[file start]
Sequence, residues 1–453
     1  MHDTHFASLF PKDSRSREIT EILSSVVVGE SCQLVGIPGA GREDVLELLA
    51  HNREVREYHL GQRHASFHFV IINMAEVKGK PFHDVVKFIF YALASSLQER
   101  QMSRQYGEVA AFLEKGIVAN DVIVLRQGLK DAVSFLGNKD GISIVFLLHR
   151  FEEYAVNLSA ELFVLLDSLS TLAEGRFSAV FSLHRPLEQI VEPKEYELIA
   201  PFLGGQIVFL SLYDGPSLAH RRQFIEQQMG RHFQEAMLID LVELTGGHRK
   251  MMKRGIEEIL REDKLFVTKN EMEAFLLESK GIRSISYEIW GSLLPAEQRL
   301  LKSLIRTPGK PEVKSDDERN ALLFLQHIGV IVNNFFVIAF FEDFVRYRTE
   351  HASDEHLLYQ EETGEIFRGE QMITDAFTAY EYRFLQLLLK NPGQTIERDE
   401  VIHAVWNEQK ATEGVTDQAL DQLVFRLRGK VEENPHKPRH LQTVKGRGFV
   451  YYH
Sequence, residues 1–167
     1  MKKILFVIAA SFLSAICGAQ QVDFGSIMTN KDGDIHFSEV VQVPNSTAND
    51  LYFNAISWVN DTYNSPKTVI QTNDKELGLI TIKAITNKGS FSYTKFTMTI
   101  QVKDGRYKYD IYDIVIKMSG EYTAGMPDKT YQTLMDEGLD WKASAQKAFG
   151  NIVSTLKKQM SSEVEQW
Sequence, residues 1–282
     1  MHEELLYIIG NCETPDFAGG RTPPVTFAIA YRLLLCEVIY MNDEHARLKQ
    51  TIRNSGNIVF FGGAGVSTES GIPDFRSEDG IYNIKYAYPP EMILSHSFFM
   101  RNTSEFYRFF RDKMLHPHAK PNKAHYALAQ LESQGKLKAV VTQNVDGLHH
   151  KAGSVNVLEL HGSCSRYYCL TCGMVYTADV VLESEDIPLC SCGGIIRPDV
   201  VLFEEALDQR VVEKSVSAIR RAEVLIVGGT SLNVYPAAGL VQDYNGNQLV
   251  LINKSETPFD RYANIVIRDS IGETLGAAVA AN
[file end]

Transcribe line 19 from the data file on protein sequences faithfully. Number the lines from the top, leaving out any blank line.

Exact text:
    51  TIRNSGNIVF FGGAGVSTES GIPDFRSEDG IYNIKYAYPP EMILSHSFFM